Tuesday, September 25, 2007
Steamboat Springs It doesn't take more than the season's first dusting to fuel excitement for a Steamboat Springs winter.
Residents awoke Monday to a thin, white blanket on the upper reaches of Mount Werner. The snow won't stick around more than a day or two, but it was a sure sign that Routt County's best-known season is quickly approaching.
The snow that fell at the top of the Steamboat Ski Area on Sunday night and Monday morning was the result of a strong Pacific storm moving through the northern and central Rocky Mountains, said Chris Cuoco, a senior forecaster with the National Weather Service's Grand Junction forecast office. That system also brought prolonged periods of rain during the past several days.
Freezing overnight temperatures pushed the snow level down to about 8,500 feet, Cuoco said. He predicted periodic snow showers Monday night before a drying trend takes hold today and persists throughout the remainder of the week. However, overnight temperatures are expected to remain below freezing tonight and Wednesday night. Daytime highs will reach into the upper 60s by Thursday.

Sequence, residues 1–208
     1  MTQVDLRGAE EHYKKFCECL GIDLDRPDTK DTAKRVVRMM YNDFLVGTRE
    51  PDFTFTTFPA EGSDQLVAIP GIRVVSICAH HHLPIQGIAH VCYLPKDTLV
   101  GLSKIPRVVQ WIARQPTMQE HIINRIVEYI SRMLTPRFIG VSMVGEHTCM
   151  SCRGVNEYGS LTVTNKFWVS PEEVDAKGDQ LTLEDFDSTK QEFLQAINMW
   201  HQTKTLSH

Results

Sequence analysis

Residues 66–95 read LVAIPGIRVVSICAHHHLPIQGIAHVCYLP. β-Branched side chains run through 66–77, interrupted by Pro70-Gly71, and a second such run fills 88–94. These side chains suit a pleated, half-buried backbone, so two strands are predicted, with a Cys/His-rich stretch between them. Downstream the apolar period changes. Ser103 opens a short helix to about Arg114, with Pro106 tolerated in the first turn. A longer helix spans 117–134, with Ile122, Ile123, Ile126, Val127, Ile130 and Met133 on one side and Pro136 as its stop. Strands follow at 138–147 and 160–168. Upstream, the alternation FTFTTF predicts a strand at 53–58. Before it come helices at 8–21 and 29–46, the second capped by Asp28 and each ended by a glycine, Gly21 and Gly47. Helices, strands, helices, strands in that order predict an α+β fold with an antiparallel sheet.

Heidi Thomsen, a spokeswoman for the ski area, said the sight of snow atop Mount Werner couldn't have come at a better time.
"We're definitely excited," Thomsen said. "It's really the kickoff to the $16 million in improvements. Everything's falling in place."
Opening day at the ski area is Nov. 21 - less than two months away.
Of course, the quantity and quality of snow that greets skiers and riders on Day 1 of the 2007-08 season remains to be seen.
Norv Larson, a meteorologist with the National Weather Service, said long-range weather forecasting models predict above-normal temperatures for the Steamboat area through February. The models show an equal chance for above-normal, normal and below-normal precipitation.
"On the plus side, the Steamboat mountain always seems to do pretty well," Larson said.